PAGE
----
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Here, gathered in our beloved South Dakota, are a few members of our Williamson / Mattson Clan. Charles and Luella are to be blamed (be kind, they didn't know what they were doing). We're generally a happy bunch and somewhat intelligent (notwithstanding our tenous grasp on reality). I'm also proud to say that most of us still have our teeth.

Friday, April 23, 2010

More on the Soldiers in our Family's Past (Williamson Line)

From the Fortress of Solitude
Pleasant Grove

Hello All,
Tonight we take a moment to honor the memories of additional ancestors who I recently discovered served in the armed forces. We already know about ancestors that served in the Revolutionary War, including a Great Grandfather that died at Valley Forge (see previous blog posts). Tonight we learn about a few others. The information on them is brief at best (which is typical for most genealogical research) but worth mentioning and remembering.

We begin with my generation’s 4th Great Grandfather, Bennett Willis. He was born in 1780. On November 13, 1800 he married Katherine Nossaman. She was born in 1779. Bennett was Katherine’s second husband.
Military Recruiting Poster, War of 1812

Bennett enlisted to fight in the war of 1812 against the British. He was 32 years old. He was killed in action on January 18, 1814. I don’t know the battle or the circumstances of his death. He left behind a widow and eight children. One of them was our 3rd Great Grandfather, Jonathan Willis.

Jonathan Willis was born in 1807. He was seven years old when his father died. He spent his entire life in farming. In politics he was a member of the Whig Party, at least until the Civil War, when he became a member of the Democratic Party. The Willis’s were all Southerners proud and true, as were many of the Williamson’s - coming from Virginia, one would expect that. Religiously Jonathan was a devout Lutheran.

John married Arabella Phlegar and with her had ten sons and four daughters! Imagine that, 14 children!

One of their daughters was Margaret Ann. She married my generation’s 2nd Great Grandfather, George Matthew Williiamson.

I’d like to mention two of the other children, our Great Great Great Uncles and brothers of Margaret Ann.
Son Bennet was a soldier in the Confederate Army serving in the Virginia 24th regiment Infantry.
The 24th Virginia Volunteer Infantry Regiment was an infantry regiment raised in Virginia for service in the Confederate States Army during the American Civil War. It fought mostly with the Army of Northern Virginia.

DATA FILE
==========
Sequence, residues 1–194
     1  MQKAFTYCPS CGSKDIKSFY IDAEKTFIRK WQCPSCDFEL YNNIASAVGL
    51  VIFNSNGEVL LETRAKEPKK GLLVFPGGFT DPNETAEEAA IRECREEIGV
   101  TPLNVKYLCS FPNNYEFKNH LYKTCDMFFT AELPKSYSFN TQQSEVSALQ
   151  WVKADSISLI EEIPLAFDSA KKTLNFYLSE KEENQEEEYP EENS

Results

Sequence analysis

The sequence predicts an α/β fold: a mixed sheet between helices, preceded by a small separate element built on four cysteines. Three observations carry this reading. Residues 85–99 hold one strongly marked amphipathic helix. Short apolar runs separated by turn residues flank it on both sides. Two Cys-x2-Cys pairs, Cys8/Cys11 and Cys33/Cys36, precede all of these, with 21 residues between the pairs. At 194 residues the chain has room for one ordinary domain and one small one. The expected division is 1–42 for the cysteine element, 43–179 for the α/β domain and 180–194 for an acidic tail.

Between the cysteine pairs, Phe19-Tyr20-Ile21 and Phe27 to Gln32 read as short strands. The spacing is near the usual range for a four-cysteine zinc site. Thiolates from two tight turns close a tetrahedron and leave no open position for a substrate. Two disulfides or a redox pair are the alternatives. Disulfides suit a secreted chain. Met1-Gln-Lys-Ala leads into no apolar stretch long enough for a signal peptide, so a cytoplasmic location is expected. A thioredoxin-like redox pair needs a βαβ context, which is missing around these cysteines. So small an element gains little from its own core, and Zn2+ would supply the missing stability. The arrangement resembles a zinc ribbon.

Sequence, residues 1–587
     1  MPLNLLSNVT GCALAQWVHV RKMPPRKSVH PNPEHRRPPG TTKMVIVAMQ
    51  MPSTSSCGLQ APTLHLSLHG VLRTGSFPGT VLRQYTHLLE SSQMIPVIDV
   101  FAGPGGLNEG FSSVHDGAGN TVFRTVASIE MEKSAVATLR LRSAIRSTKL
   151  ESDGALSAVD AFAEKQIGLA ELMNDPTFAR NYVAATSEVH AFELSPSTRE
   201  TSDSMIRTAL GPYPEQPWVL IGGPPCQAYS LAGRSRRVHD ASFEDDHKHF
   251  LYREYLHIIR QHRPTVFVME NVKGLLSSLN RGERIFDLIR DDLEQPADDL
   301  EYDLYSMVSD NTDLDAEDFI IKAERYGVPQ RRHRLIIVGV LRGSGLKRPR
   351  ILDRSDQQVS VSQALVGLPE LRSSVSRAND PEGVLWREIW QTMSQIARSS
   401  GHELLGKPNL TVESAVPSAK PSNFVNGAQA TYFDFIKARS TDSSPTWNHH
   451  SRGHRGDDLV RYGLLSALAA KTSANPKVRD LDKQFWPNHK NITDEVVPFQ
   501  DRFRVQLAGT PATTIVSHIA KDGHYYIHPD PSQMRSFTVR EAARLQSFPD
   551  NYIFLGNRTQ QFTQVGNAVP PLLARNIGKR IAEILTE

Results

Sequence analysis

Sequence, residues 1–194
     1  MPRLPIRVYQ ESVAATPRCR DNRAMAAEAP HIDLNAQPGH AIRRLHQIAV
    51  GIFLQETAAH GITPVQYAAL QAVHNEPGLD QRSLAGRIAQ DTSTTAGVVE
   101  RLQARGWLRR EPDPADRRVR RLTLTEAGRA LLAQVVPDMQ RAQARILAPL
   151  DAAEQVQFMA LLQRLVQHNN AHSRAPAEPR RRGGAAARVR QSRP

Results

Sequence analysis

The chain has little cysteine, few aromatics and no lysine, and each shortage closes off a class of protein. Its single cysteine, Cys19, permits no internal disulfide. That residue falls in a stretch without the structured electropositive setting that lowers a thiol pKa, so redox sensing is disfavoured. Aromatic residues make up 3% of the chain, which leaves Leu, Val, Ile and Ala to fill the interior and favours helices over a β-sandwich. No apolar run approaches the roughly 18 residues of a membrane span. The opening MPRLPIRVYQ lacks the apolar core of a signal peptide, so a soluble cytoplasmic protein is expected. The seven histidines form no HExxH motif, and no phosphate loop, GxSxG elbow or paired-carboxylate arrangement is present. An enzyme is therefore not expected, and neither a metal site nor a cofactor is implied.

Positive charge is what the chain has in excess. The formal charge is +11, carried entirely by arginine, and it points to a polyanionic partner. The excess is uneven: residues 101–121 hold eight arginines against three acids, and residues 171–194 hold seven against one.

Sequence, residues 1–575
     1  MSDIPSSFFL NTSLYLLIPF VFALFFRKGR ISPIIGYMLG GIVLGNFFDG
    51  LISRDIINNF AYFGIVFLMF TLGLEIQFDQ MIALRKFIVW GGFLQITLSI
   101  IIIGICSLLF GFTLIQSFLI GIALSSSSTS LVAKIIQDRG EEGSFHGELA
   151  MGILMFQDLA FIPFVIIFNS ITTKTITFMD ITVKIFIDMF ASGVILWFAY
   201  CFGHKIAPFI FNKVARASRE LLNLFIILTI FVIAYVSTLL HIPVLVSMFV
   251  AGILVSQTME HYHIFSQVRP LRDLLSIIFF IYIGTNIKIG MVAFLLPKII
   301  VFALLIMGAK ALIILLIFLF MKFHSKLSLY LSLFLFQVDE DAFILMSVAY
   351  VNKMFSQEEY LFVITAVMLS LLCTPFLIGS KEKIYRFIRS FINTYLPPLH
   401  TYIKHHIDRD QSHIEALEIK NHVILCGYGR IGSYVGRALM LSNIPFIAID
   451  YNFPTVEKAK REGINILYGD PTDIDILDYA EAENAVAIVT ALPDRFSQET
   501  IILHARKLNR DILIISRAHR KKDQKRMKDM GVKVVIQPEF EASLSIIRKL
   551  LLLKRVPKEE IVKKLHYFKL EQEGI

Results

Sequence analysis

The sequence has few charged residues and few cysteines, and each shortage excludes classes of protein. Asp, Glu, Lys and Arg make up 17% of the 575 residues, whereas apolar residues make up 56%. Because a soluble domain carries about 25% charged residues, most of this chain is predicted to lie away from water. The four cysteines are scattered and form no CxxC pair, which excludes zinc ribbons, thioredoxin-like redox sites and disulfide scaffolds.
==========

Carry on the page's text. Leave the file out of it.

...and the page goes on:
The 24th Virginia was assembled in June, 1861, with men from Floyd, Franklin, Carroll, Giles, Pulaski, Mercer, and Henry Counties. It served under Early at First Manassas, then was assigned to Early's, Kemper's, and W.R. Terry's Brigade, Army of Northern Virginia.

The 24th participated in the campaigns of the army from Williamsburg to Gettysburg except when it was detached to Suffolk with Longstreet. Later it was involved in the engagements at Plymouth and Drewry's Bluff, the Petersburg siege north of the James River, and the Appomattox operations.

The regiment contained 740 men in April, 1862, and reported 189 casualties at Williamsburg and 107 at Seven Pines. It lost 4 killed, 61 wounded, and 14 missing at Frayser's Farm, had 8 wounded at Fredericksburg, and had about forty percent of the 395 engaged at Gettysburg disabled. Many were lost at Sayler's Creek with no officers and 22 men surrendered on April 9, 1865.

Son Samuel was killed during the Civil War serving with General Stonewall Jackson in the Confederate Army during a battle a Cedar Creek, Virginia on October 19, 1864.
At dawn, October 19, 1864, the Confederate Army of the Valley under Lt. Gen. Jubal A. Early surprised the Federal army at Cedar Creek and routed the VIII and XIX Army Corps. Commander Maj. Gen. Philip Sheridan arrived from Winchester to rally his troops, and, in the afternoon, launched a crushing counterattack, which recovered the battlefield. Sheridan’s victory at Cedar Creek broke the back of the Confederate army in the Shenandoah Valley. Lincoln rode the momentum of Sheridan’s victories in the Valley and Sherman’s successes in Georgia to re-election.

Estimated Casualties
  • 5,665 UnionUnion Flag
  • 2,910 ConfederateConfederate Flag
In closing, I want to comment on the diversity in our Williamson family. My research shows a family of many different religions and political persuasions. We have ancestors persecuted for their religion (Quakerism) which motivated them to leave England to seek a new life in the new world. We are a family descended from others seeking to improve their situation in life by starting fresh in the new world (Phlegars, Goodykoontz, Trouts - All German). We have ancestors who fought on the Union side and the Confederate side in the Civil War. We have ancestors who fought in the Revolutionary War, and every other war since then.

We are descended from a patchwork of nationalities, beliefs, and traditions which makes us the people we are today. I'm learning of a family of proud and strong individuals who survived the trials and tribulations of life with faith in each other and in their God and Country.

Simply,
Victor

Relationship Chart

Bennett Willis born: 1780. Married Katherine Nossaman born: 1779
to
Jonathan Willis Married Arabella Phlegar
to
Margaret Ann Willis. Married George Matthew Williamson
to
William Jonathan Williamson. Married Effie Helen Victor
to
Vennie, Ima Della, Inez, Lillie Ethel, Josie, Emmett, Walt, Charles, Maurice.
to
Charles Williamson (CB)
to
Me (my generation)

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